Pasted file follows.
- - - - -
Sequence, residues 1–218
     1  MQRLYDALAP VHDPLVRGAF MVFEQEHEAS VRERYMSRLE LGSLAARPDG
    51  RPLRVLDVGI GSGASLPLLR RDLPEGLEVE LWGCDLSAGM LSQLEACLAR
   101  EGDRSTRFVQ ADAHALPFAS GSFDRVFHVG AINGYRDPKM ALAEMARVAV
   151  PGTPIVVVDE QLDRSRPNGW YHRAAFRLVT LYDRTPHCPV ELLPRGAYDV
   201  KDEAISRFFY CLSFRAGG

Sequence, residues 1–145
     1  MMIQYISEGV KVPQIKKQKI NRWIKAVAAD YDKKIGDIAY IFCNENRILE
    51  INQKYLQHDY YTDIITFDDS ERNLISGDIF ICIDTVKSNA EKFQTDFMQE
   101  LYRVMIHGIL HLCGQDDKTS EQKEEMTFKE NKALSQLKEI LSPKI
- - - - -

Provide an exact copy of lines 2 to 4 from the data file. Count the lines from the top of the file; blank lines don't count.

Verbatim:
     1  MQRLYDALAP VHDPLVRGAF MVFEQEHEAS VRERYMSRLE LGSLAARPDG
    51  RPLRVLDVGI GSGASLPLLR RDLPEGLEVE LWGCDLSAGM LSQLEACLAR
   101  EGDRSTRFVQ ADAHALPFAS GSFDRVFHVG AINGYRDPKM ALAEMARVAV